Todd Wolfson

Software Engineer

March 22, 2016

When designing my business card, I had an epiphane about when to use filled icons vs when to use hollow icons.

  • If the design is content dense, then we should use a filled icon
  • If the design is content light, then we should use a hollow icon
  • If the content is in between, then either should work but the icons should be consistently filled or hollow
  • Hollow icons should use the same stroke width (i.e. be consistent)

I'm uncertain if this is a hard and fast rule. In programming, the answer is almost always "it depends" and there are rarely simple problems/solutions.

But let's look at some examples:

Examples

Dense content

Filled icons (better):

Dense content with filled icons

Hollow icons (worse):

Dense content with hollow icons

Light content

Hollow icons (better):

Light content with hollow icons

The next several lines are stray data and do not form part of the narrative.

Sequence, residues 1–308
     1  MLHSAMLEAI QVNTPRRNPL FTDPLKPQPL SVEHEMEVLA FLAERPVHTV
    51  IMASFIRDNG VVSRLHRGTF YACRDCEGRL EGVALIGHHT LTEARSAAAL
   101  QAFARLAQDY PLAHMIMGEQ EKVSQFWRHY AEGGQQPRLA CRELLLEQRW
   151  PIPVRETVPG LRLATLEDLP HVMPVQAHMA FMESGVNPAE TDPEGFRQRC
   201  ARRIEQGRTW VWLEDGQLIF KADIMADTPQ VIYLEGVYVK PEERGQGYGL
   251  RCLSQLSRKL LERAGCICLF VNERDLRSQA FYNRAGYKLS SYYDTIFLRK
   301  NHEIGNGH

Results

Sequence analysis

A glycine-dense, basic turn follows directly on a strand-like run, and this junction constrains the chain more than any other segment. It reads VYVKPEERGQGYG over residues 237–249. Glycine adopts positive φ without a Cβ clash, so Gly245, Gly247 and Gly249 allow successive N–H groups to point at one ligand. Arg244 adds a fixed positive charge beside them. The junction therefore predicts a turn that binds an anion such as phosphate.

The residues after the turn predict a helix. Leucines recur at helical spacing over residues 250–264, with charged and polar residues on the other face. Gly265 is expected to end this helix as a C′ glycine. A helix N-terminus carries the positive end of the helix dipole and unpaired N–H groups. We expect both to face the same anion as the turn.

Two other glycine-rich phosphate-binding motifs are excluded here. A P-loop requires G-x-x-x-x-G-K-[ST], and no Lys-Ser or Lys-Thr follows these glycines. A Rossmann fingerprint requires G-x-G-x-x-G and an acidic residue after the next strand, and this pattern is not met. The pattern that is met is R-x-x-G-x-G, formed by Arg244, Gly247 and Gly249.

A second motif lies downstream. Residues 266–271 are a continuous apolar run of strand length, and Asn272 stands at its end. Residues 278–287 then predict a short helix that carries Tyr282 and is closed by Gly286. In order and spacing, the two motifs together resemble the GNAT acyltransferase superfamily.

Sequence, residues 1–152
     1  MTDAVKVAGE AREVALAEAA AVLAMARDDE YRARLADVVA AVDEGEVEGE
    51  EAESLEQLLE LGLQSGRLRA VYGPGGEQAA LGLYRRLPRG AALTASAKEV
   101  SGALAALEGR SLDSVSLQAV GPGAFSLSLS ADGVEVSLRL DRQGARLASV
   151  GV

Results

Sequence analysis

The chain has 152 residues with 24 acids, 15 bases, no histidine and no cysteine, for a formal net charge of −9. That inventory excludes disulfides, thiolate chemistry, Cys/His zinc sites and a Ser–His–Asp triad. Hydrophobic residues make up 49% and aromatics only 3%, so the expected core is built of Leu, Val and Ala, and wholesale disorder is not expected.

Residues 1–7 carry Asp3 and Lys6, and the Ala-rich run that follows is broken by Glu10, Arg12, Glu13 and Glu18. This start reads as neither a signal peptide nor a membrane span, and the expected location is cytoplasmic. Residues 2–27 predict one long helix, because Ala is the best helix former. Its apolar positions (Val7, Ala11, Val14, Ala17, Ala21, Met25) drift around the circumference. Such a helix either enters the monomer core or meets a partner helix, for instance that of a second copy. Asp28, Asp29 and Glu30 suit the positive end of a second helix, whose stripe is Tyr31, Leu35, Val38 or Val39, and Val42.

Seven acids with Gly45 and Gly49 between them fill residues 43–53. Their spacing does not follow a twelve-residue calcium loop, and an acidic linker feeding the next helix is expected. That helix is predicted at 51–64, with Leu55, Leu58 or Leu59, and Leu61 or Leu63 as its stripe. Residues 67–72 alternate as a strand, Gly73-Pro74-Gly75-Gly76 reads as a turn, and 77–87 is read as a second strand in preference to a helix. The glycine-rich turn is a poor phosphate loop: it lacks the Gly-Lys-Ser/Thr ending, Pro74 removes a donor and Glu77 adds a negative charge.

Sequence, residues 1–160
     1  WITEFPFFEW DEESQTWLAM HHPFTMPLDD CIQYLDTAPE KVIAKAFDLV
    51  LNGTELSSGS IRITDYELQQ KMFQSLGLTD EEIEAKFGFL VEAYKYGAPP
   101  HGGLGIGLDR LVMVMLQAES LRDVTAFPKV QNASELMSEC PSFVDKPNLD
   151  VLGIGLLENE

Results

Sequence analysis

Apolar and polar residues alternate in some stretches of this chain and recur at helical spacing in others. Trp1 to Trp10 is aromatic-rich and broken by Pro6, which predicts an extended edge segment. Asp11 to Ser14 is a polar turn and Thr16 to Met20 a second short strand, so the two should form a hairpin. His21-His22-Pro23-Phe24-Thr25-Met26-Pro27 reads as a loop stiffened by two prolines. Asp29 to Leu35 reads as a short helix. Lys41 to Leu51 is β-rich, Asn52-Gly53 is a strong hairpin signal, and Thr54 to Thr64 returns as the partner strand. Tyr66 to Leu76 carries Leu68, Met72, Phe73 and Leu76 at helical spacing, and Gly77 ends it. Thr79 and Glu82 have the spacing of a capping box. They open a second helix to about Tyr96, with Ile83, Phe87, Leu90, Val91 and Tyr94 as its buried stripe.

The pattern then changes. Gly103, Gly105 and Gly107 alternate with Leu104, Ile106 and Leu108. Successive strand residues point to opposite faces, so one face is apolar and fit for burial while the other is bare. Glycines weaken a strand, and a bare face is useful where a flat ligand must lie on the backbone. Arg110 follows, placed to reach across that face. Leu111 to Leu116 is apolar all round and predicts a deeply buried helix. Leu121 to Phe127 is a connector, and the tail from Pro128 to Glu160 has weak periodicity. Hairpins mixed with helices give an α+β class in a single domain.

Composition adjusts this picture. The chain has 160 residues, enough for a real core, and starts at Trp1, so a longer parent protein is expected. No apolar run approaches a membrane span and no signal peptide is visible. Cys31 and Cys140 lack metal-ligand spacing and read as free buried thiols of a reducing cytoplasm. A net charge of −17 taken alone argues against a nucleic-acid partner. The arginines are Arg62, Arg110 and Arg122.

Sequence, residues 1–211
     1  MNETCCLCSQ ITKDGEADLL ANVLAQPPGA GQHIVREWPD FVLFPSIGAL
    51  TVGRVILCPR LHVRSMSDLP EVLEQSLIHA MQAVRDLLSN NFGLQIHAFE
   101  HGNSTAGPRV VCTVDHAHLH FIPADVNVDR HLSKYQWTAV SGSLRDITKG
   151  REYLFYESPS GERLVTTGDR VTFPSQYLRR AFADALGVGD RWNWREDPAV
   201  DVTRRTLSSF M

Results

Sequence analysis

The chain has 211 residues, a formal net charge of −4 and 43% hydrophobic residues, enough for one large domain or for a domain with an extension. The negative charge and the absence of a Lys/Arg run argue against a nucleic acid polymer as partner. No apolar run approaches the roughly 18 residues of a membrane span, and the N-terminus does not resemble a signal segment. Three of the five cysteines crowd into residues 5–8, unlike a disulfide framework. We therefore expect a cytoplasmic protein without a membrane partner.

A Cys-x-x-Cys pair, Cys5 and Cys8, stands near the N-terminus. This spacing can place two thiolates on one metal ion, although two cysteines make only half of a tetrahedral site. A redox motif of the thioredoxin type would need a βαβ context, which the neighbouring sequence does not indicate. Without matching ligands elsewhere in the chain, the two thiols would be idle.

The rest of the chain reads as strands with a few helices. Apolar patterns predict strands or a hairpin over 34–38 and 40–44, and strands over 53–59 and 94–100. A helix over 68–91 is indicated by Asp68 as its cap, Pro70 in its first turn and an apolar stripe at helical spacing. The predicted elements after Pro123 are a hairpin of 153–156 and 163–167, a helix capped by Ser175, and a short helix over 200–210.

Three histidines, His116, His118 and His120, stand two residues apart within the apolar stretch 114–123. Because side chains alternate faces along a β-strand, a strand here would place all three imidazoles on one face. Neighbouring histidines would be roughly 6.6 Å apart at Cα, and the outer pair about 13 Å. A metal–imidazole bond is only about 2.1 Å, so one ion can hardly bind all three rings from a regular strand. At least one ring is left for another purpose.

Filled icons (worse):

Light content with filled icons

Icons consistently filled or hollow

Consistently hollow icons (better):

Consistently hollow icons

Inconsistent filled and hollow icons (worse):

Inconsistent filled and hollow icons

Hollow icon stroke width

Same stroke width (better):

Hollow icons with same stroke width

Different stroke width (worse):

Hollow icons with different stroke width

Attribution

Filled email:

Hollow email:

Filled phone:

Hollow phone:

  • Derived by Todd Wolfson

BLOKK font (used for dense content):

Top articles

Develop faster

Removing the tedium from creating, developing, and publishing repos.

Sexy bash prompt

A bash prompt with colors, git statuses, and git branches.

Recent articles

Testing the Invisible

How to test/prevent elements invisibly blocking other elements